There’s nothing new about dplyr’s ability to work with vectors in wk 0.5, but the new functions are well-suited to dplyr’s group_by() and summarise() as well as the newish auto-unpacking feature in mutate() and summarise(). For example, to keep all the attributes when calling wk_coords() you can do:

To build back up a geometry you can also use group_by() and summarise() in their more traditional roles (returning one row per group). This is a tiny bit slower but so much easier to read.

The new coordinate functions make dplyr more accessible for doing raw coordinate processing if you’re into that kind of thing. If you’ll recall the short formula for the signed area of a polygon, you can check the winding direction of your polygons without leaving dplyr (the polygons here are wound correctly, hence the positive areas).

First-class coordinate transforms

Some of the coolest new stuff in GIS is actually in JavaScript, like the really awesome tools for animated projections in D3. The tools in D3 work on arbitrary coordinate transforms (read: PROJ), but the tools that work on the transforms don’t have to know anything about datums or projections…they just care about a coordinate moving from one place to the next. This kind of thing is really common in GIS and visualization and deserved first-class support in wk. For those paying close attention to s2 development, I also need it to make geometry represented in Cartesian space valid on the sphere given an arbitrary projection (currently only implemented for plate carree).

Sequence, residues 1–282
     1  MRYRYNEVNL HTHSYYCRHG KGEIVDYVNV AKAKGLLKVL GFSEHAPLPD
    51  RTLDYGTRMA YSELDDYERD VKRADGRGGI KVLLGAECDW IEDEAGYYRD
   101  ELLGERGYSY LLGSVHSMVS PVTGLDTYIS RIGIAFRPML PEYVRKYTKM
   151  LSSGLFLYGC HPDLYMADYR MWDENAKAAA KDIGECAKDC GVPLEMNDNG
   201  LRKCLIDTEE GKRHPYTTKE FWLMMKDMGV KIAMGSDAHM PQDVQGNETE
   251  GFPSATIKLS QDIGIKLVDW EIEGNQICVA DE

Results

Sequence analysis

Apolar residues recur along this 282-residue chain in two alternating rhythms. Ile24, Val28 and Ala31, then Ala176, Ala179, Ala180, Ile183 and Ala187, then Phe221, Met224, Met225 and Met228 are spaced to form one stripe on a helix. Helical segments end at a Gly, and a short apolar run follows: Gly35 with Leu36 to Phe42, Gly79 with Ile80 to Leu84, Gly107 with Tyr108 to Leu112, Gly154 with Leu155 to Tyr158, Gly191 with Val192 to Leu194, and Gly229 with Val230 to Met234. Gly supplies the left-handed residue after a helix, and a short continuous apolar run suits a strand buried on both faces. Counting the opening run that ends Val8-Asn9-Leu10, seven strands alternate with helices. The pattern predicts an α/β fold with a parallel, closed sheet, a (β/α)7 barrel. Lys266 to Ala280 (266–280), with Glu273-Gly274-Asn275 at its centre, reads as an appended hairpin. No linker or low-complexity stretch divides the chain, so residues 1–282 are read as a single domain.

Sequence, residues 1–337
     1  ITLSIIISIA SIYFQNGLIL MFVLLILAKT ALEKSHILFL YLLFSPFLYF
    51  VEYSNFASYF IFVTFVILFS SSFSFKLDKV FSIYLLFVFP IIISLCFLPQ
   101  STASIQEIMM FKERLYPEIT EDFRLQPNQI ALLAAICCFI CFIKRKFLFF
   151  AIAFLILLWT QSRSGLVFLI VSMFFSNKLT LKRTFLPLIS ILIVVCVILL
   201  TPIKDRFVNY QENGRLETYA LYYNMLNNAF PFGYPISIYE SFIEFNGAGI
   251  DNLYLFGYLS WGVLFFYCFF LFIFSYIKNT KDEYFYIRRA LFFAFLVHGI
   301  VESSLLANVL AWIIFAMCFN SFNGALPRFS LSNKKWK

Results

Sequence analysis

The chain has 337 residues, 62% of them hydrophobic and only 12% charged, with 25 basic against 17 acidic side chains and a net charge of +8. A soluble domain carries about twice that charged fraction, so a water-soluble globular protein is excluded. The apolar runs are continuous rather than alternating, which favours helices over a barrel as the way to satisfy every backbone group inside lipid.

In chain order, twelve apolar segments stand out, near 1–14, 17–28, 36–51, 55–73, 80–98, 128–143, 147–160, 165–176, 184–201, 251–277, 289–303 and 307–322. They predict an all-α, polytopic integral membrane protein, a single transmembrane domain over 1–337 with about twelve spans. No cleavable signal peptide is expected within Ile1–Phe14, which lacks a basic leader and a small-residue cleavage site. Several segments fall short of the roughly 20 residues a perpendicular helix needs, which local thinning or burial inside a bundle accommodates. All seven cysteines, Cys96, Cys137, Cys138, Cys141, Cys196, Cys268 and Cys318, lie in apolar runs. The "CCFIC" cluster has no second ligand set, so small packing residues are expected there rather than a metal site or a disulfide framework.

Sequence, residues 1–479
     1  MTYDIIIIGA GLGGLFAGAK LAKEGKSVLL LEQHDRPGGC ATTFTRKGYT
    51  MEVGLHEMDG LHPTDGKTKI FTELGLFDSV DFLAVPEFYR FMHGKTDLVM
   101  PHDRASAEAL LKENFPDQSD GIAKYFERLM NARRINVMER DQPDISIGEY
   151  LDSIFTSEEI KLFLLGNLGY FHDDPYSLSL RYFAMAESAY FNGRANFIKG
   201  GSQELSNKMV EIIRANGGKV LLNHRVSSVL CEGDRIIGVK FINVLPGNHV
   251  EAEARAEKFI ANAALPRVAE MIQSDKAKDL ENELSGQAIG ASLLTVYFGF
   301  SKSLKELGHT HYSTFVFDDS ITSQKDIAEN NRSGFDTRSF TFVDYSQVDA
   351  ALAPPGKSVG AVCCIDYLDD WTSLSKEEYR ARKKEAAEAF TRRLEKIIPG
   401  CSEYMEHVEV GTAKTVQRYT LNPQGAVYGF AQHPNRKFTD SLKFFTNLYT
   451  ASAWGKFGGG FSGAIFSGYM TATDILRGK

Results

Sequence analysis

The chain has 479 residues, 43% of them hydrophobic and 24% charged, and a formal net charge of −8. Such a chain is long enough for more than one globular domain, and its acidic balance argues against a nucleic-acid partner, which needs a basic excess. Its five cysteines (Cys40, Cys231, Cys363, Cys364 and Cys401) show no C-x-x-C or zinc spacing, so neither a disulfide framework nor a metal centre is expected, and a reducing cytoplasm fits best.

Starting small, though, wk just provides the framework so that other packages can do cool stuff that I don’t need to maintain (maybe). I did put in enough transforms to make sure every thing was tested, which includes an affine transform and transforms that set/drop coordinate values (most usefully, Z and M).

The point of this all, though, is that extension packages can make their own transforms. There’s no C++ wrapper for this yet but the C is relatively minimal.

You do need a tiny bit of R infrastructure to make this work smoothly:

Then your transform is accessible for anything that needs it! Most algorithms will probably also need an implementation of wk_trans_inverse() to return the inverse operation.

Plotting

As a side effect of some of this, plotting now “just works” without the wkutils package for the built-in vector types. It isn’t particularly fast or glamourous, but it’s good enough for a basic “get this geometry on my screen”. Previously this was done using a confusing circular dependency on wkutils. It’s used for plot() for wkb() and wkt(), but also works for arbitrary data types with a wk_handle() method via wk_plot().

What’s next?

So far wk development has focused on getting all the nuts and bolts in place so that extensions can do really awesome stuff with few dependencies. Now is that time! I’m hoping to get transforms working for PROJ so that s2 can do a better job creating valid spherical geometry from projected coordinates. Finally, I’m hoping to get some file readers working so that the lazy nature of the handler/filter system can really shine.

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Dewey Dunnington
Geoscientist, Programmer, Educator